Intercessory Prayer in a Nutshell

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The "Russell's Teapot" comic strips often presented some rather pointed critiques of Christian orthodoxy. Unfortunately, as is often the case with atheist criticisms of Christianity, the author of that comic strip conflates a critique of Christian orthodoxy with support for atheism per se, when in fact it is possible to agree with many of those criticisms without being an atheist. In any case, from a couple of years ago, here is a comic that summarizes intercessory prayer:

10 comments:

Frank said...

I think intercessory prayer is an important thing for us to do. I do think it "accomplishes" something. I'm not exactly sure what or how.

St. Augustine talks about prayer as nurturing the spark of desire. It helps the one who is doing the praying fan their desires into flames. I also think prayer opens us to God and lets God work through us or makes us aware of the channels and currents of God so that we can jump on them. Or maybe it realy does channel the energies of the universe.

The problem with that comic is that it uses basic Enlightenment categories to diss intercessory prayer, and I find that to trite. It's like people who diss the Trinity based on the simple mathematical formula that 1 can't equal 3 and that is the beginning and end of discussion for them.

Mystical Seeker said...

I have no problem with people unloading their fears and concerns about others and about the world to God through prayer. I think there is in fact great value in that.

What I do have a problem with is what I think many or most people conceive of when they engage in intercessory prayer--namely, that they are beseeching God to contravene what otherwise would have taken place through the laws of nature, by the exercise of omnipotent power. In fact, the very word "intercessory" implies that you are asking God to "intercede", which is to say intervene in the world.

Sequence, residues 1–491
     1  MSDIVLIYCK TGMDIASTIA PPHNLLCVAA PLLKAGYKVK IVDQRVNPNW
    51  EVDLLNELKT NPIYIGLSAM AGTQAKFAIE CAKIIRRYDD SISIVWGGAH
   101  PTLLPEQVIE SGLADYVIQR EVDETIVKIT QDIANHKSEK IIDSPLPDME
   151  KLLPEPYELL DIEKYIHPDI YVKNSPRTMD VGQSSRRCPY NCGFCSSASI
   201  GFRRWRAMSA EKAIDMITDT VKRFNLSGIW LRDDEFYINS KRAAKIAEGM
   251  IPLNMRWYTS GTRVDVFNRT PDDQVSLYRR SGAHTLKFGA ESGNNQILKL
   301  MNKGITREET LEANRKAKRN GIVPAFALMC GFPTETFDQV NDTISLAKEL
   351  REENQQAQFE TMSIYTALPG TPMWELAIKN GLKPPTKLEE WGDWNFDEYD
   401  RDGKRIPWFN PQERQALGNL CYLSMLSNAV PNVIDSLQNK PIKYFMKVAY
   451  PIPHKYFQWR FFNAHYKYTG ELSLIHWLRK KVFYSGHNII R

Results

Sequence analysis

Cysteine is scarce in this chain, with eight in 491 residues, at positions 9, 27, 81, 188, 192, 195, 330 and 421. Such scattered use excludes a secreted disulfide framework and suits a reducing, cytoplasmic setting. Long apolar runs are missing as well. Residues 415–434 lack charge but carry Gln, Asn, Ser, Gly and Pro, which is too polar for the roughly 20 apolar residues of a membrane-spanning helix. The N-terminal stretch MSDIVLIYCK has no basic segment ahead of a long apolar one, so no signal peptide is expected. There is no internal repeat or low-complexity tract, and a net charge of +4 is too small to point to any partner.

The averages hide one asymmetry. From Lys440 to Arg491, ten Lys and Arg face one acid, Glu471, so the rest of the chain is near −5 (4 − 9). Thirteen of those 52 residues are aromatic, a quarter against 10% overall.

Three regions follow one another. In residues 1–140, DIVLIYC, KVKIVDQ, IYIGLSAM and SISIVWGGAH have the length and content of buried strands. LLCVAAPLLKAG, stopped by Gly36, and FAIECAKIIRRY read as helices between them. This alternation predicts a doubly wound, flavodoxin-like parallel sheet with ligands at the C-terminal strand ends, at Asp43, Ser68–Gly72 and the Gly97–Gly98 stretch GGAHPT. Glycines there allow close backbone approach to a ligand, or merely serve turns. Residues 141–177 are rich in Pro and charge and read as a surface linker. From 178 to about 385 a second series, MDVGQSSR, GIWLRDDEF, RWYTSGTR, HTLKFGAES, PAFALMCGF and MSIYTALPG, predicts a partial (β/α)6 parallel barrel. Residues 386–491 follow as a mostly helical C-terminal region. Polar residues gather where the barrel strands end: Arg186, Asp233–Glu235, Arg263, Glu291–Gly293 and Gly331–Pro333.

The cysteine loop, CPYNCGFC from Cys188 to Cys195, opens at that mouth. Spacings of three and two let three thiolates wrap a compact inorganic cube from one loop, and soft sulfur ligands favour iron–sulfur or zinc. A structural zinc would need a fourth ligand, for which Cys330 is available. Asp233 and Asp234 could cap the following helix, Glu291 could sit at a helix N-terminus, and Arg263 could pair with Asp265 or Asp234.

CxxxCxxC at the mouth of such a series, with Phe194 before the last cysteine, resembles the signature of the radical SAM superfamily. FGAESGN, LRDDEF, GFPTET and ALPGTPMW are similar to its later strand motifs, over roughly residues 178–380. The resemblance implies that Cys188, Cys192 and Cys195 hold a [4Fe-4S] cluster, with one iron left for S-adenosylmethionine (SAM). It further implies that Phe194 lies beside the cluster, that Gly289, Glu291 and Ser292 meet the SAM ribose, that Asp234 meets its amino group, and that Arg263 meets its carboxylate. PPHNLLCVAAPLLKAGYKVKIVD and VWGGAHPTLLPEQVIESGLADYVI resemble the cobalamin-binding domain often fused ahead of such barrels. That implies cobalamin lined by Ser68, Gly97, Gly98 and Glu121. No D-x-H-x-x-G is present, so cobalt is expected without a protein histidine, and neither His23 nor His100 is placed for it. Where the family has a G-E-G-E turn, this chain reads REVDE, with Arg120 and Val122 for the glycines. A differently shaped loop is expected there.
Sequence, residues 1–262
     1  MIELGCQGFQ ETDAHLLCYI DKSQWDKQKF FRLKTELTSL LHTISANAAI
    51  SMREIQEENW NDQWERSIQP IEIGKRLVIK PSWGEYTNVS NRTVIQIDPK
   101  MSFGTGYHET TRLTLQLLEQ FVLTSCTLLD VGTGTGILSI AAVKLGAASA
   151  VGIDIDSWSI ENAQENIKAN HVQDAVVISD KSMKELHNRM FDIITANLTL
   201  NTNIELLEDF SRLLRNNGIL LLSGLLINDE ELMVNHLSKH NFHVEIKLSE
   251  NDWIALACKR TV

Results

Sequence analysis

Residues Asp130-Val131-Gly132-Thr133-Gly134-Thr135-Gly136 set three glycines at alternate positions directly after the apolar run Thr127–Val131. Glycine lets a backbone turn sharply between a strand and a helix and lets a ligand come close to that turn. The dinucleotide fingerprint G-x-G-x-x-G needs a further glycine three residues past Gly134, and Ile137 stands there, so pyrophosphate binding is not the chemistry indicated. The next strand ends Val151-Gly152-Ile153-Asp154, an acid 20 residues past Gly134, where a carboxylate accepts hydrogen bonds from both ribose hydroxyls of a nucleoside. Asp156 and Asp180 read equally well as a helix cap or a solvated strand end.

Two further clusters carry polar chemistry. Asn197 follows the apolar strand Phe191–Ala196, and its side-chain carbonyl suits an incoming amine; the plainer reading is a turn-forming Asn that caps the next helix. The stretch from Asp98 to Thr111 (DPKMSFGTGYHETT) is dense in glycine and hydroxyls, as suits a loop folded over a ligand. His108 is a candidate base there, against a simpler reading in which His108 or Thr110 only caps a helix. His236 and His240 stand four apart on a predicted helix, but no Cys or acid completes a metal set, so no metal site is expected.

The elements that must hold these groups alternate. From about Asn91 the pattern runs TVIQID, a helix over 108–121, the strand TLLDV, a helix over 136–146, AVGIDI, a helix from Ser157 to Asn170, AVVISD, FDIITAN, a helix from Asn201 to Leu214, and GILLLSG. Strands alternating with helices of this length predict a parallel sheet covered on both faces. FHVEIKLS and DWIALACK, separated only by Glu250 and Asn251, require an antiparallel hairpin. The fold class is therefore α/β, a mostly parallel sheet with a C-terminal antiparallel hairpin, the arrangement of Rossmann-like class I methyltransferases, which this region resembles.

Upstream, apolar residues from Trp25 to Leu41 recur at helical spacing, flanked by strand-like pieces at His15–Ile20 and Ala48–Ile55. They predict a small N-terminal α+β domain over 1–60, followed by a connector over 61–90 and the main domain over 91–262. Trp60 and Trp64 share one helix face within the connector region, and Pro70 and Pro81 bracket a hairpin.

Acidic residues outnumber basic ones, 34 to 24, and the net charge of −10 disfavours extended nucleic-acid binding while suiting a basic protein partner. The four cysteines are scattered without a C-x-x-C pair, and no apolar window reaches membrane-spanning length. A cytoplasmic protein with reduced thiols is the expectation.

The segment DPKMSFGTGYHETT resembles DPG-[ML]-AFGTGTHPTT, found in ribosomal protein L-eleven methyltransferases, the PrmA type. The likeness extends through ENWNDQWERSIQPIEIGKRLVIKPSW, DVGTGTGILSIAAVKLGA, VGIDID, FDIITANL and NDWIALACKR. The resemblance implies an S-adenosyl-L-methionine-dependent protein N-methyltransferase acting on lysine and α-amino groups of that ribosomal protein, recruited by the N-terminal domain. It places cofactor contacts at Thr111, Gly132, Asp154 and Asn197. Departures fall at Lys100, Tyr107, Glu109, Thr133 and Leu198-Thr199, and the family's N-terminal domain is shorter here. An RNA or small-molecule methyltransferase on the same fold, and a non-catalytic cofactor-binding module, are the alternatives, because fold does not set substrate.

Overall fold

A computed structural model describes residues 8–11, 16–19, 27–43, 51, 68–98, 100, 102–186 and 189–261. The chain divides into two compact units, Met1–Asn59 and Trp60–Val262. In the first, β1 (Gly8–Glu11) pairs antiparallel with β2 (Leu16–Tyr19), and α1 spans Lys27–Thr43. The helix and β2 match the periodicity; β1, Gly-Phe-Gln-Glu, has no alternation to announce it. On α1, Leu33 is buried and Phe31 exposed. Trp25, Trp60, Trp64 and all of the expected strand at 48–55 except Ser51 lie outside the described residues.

As Spong likes to point out, if God's intervention in the world depends on people having plenty of Christian friends who will pray for them, then that means that the friendless and the outcasts--supposedly among those Jesus took a particular interest in--don't get prayed for and thus don't get this special divine intervention. Morally, this is hard to justify. And it points to broader questions about theodicy when you have an omnipotent God.

Mike aka MonolithTMA said...

Cute.

If intercessory prayer is performed in place of actually doing something I think there is a major problem.

PrickliestPear said...

Frank,

I'm not sure I understand this part of your comment: "The problem with that comic is that it uses basic Enlightenment categories to diss intercessory prayer, and I find that to trite."

What "enlightenment categories" are you referring to?

Frank said...

Prickliest Pear,

I think the linear diagram from the comic is a good example of an Enlightenment mindset. There is something Newtonian about it, action equaling direct reaction. I find that so many of the modern criticisms of Christianity actually stem from this time period.